The new Directive was approved by the European Parliament in April 2016 and was formally unanimously adopted by the Council last Friday 27 May 2016. See here for the Council's press release.
Currently EU countries have a significant degree of autonomy as to what information is protected and how it may be enforced. This means that the legal regimes vary enormously across the EU and businesses often find it difficult to understand and access the systems of other Member States. Overall, enforcing trade secrets across the EU can be expensive and difficult to coordinate. The Directive therefore harmonises the definition of trade secrets across the EU and defines what constitutes lawful and unlawful acquisition of trade secrets. It includes a range of remedies for trade secret misappropriation and requires Member States to put in place measures to preserve the confidentiality of a trade secret during court proceedings including, as a minimum, through setting up confidentiality clubs.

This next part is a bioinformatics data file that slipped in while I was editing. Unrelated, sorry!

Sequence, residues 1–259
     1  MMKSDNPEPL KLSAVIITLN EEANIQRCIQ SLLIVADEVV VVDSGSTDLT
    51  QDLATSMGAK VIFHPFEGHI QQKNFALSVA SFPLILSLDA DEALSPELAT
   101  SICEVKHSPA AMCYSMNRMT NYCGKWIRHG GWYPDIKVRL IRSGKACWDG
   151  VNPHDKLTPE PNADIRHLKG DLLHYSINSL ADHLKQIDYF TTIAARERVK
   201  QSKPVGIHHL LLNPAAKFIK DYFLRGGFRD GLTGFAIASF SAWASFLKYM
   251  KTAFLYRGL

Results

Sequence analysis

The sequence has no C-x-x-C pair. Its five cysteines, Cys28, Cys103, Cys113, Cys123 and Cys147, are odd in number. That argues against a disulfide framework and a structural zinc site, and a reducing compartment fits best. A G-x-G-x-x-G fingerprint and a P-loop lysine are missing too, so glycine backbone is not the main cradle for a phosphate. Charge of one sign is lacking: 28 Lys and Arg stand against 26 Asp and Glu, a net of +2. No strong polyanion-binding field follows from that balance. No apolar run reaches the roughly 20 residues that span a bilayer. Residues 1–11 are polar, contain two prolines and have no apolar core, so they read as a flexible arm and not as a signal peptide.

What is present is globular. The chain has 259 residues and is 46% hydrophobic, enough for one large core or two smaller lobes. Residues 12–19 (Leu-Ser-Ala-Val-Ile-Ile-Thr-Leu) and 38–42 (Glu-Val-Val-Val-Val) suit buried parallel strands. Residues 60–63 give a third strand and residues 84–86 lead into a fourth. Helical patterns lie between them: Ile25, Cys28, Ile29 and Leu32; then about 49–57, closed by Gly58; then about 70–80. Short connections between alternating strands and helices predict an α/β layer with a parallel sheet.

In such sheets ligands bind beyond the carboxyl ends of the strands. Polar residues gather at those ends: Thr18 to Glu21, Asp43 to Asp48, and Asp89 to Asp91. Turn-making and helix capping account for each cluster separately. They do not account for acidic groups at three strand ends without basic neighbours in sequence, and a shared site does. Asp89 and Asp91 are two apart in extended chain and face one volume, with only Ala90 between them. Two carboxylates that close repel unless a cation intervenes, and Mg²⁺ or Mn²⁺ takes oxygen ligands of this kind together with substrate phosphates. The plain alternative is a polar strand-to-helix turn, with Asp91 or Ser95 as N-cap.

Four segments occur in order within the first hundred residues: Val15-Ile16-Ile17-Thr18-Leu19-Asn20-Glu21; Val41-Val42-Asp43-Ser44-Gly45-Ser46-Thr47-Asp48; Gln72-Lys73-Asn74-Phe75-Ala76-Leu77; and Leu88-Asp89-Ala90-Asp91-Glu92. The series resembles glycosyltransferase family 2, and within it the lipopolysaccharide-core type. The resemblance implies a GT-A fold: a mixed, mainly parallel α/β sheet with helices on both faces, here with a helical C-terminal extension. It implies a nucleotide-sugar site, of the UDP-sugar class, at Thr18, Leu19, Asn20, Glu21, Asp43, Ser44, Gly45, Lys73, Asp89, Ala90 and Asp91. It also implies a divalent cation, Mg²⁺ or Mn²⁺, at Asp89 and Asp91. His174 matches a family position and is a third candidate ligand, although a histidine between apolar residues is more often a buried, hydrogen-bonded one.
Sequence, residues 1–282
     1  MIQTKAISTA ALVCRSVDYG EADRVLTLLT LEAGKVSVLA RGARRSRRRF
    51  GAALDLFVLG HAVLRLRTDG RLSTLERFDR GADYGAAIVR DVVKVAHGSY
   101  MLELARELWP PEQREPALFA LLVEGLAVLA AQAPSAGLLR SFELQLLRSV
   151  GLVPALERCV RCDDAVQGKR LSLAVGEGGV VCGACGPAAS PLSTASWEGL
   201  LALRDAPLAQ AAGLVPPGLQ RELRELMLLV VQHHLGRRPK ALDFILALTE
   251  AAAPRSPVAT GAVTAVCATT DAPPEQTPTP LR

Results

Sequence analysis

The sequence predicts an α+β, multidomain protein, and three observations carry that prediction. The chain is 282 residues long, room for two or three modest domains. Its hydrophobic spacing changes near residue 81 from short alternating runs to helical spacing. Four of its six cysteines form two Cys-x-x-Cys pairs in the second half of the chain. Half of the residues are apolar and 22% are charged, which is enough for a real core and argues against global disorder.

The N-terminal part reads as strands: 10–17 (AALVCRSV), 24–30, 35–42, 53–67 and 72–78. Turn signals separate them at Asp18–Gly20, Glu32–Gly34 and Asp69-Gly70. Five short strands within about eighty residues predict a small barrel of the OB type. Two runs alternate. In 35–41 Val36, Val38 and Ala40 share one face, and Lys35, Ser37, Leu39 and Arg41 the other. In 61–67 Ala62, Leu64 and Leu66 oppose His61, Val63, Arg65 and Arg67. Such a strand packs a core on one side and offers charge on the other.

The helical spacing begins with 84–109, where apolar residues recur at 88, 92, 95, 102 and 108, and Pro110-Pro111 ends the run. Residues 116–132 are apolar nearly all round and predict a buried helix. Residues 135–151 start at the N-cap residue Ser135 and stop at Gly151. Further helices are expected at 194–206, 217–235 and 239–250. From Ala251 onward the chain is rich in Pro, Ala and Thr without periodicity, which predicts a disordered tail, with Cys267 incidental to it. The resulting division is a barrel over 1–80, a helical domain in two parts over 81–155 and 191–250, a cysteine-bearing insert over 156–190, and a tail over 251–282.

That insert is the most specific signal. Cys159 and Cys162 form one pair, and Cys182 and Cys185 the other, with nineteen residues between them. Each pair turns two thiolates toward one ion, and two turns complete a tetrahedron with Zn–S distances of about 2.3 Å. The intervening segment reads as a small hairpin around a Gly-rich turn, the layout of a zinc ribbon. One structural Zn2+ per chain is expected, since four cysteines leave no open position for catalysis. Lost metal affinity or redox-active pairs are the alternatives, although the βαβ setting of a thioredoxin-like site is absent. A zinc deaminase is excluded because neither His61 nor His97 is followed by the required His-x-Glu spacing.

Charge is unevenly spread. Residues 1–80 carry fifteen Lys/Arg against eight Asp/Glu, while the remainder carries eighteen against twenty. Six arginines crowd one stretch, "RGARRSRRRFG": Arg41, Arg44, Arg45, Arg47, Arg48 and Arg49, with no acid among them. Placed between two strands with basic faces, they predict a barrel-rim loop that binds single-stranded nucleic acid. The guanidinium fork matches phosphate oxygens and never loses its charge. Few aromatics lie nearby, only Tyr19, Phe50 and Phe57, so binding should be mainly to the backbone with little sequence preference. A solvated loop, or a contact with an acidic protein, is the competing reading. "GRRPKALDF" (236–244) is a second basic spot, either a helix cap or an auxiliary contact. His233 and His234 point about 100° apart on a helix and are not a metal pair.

Once the Directive has been published in the Official Journal of the EU and it comes into force (the 20th day following the OJ publication), Member States will have two years to implement the Directive (until mid-2018) into national laws. There are still some questions as to the extent to which the various laws that protect trade secrets and confidential information in the EU will be harmonised. In particular it is currently unclear whether the UK "law of confidential information" will run in parallel with the rights conferred under the Trade Secrets Directive, or whether the UK courts may give precedence to EU law thereby narrowing the protection currently afforded in England. We shall continue to post on these issues as the implementation process progresses.
For a more detailed review of the proposed Directive, please see our previous publication.
Trade secrets are growing in importance and top of the reform agenda at the moment. President Obama signed the US Defend Trade Secrets Act on 11 May 2016. This provides harmonised federal protection for confidential information and allows civil actions for theft of trade secrets. The Act received near unanimous approval in the House of Representatives and Senate.